Office of the President

Courses Taught

Fall 2008

ARHA365: Photography and Representation

Photography has given rise to theoretical and critical reflections since its emergence in the 19th century. This seminar will examine some of the theoretical problems posed by photographic practice (in aesthetics, history, philosophy of mind, and philosophy of language) and the photographic problems that have been posed by modern theory (in genres as diverse as the snapshot, portraits, and forensic photography). Some of the themes to be explored include photography's relation to problems concerning memory, identity, sexuality, realism, fantasy, and politics.The goal of the course is to enable students to think more clearly about how photographic images tell the truth, how they lie, how they inspire, and how they generally affect thinking and feeling.

Fall 2009

HIST351: Topics in the Philosophy of History

This research seminar will examine topics at the intersection of intellectual history and the theory of history. Areas of inquiry to include: history and memory; trauma and history; psychoanalysis and critical theory; postmodern critique of history; photography, film and historical representation. Students can write either 3 short papers or a longer paper.

Fall 2010, 2011

HIST214: The Modern and the Postmodern

In this course we shall examine how the idea of "the modern" develops at the end of the 18th century, and how being modern (or progressive, or hip) became one of the crucial criteria for understanding and evaluating cultural change during the last two hundred years. Our readings shall be drawn from a variety of areas philosophy, the novel, music, painting, and photography and we shall be concerned with the relations between culture and historical change. Finally, we shall try to determine what it means to be modern today, and whether it makes sense to go beyond the modern to the postmodern.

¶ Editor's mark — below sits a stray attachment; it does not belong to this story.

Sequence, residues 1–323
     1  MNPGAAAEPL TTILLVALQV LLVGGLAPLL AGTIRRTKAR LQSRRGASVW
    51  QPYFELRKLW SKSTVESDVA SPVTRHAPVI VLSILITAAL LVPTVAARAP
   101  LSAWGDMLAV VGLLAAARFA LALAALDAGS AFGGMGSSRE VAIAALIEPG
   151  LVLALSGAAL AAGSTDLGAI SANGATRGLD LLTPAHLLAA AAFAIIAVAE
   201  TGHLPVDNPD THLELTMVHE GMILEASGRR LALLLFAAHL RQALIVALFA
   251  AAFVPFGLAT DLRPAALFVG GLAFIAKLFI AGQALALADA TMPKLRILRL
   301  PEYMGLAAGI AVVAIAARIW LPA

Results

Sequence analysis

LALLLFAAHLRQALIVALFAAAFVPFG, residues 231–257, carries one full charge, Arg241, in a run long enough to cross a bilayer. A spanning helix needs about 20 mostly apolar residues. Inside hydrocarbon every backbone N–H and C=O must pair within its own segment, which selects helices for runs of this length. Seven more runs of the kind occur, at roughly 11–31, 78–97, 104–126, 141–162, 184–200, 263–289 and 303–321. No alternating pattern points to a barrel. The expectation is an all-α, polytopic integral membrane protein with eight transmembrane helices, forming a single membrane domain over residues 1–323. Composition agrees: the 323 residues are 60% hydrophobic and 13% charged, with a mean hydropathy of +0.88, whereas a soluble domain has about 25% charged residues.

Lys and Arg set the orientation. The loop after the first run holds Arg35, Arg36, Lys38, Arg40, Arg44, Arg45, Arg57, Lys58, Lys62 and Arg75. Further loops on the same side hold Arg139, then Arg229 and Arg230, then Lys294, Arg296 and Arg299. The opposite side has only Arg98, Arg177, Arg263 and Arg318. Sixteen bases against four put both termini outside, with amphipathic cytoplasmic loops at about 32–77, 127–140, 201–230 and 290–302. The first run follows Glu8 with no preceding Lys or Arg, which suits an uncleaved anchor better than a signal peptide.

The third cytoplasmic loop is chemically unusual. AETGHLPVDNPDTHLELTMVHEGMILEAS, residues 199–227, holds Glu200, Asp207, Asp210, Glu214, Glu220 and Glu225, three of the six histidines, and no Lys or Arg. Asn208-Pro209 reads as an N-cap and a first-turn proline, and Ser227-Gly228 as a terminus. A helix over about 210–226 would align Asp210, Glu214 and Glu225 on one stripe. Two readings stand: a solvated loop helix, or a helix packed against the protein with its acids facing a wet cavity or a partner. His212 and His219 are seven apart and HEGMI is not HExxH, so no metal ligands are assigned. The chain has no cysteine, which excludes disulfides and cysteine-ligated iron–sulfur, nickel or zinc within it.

Spring 2008, 2009, 2010, 2011

FILM160: The Past on Film

This course examines how films represent the past and how they can help us understand crucial questions in the philosophy of history. We begin with three weeks on documentary cinema. How do documentary films achieve "the reality effect"? How has contemporary documentary's use of reenactment changed our expectations of nonfiction film? Much of the course is devoted to classic narrative films that help us critically engage questions about the depiction of the past. We think about those films in relation to texts in this history of philosophy and contemporary film theory.